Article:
Irish schoolchildren join German climate march

Berlin march the biggest yet, with support from teachers, parents and leading scientists

Thousands of students take part in a demonstration against climate change, in Berlin, Germany, on Friday. Photograph: Felipe Trueba/EPA

Thousands of students take part in a demonstration against climate change, in Berlin, Germany, on Friday. Photograph: Felipe Trueba/EPA


Irish schoolchildren joined the Fridays for Future marches in Berlin on Friday, as the movement started by Greta Thunberg exploded across Europe – and the globe.

About 300,000 students skipped school on Friday across Germany in dozens of cities – part of 1,660 events worldwide in 105 countries.

“I’m here because I want a future on this planet,” said Kila Donlon, an Irish-German student at Berlin’s Nelson Mandela International School.

Kila and 240 fellow students stopped traffic on their march through the German capital, carrying signs reading “Stop Destroying the Earth. It’s where I get my Tacos” and “Treat the Planet like it is Earth. Not Uranus.”

At the main demonstration in Berlin’s city centre, police said more than 20,000 people picketed the square before Angela Merkel’s chancellery.  

Hannah Blitz, a Berlin organiser of Fridays for Future, said: “Politicians have failed to do something against climate change for 40 years. We’re no longer accepting that.”

Slow build

After a slow build in recent months, Friday’s march was the biggest event yet – with support from teachers, parents and leading researchers. The “Scientists for Future” – 23,000 scientists from German-speaking Europe – have thrown their support behind the new climate movement, and have flagged what they see as climate change slippage in Berlin.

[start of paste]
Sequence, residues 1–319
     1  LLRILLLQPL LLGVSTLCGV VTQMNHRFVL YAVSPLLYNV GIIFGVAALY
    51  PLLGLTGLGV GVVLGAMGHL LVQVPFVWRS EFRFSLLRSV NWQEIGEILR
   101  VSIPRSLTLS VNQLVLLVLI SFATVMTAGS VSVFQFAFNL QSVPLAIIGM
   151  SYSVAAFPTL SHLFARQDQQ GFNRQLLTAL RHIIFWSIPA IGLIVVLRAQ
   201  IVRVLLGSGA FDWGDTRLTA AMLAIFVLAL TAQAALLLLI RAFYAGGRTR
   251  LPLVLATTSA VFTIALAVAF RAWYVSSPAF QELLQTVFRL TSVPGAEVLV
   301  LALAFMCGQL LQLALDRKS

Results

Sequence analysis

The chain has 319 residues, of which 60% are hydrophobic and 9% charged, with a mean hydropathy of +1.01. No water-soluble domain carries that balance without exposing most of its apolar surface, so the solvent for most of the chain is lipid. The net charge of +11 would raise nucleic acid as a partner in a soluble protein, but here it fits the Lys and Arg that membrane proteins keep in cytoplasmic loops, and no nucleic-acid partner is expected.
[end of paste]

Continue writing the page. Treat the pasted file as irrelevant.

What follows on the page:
“Only if we act quickly and consequentially can we limit global warming, the mass extinction of animals and plant varieties,” the scientists and researchers said in their manifesto ... “and ensure a future worth living for future generations.”

German celebrity doctor Eckart von Hirschhausen, at Friday’s march, said the school movement had revived the spirit of 1980s West Germany’s energetic anti-nuclear movement.

“Somehow that all went into hibernation during the neo-liberal boom era,” said Dr Hirschhausen, “when we thought the market would regulate everything.”

Turning point

Amid marches from Warsaw to New Delhi, German scientists said the latest Fridays for Future demonstrations marked a turning point. 

“We scientists thought that, if we present our facts soberly, that politicians would react,” said Dr Klaus Jäger, a solar energy researcher at the Helmholtz Centre Berlin. “Now we see facts are not enough to get politicians moving.”

The protests during school hours have divided opinion in Germany. Federal economics minister Peter Altmaier came under fire for suggesting the students should protest on their own – not school – time.

Fridays for Future organiser Kaja Schwab disagreed, saying: “Do you think if we demonstrated after school we could build up such power and pressure on the politicians?”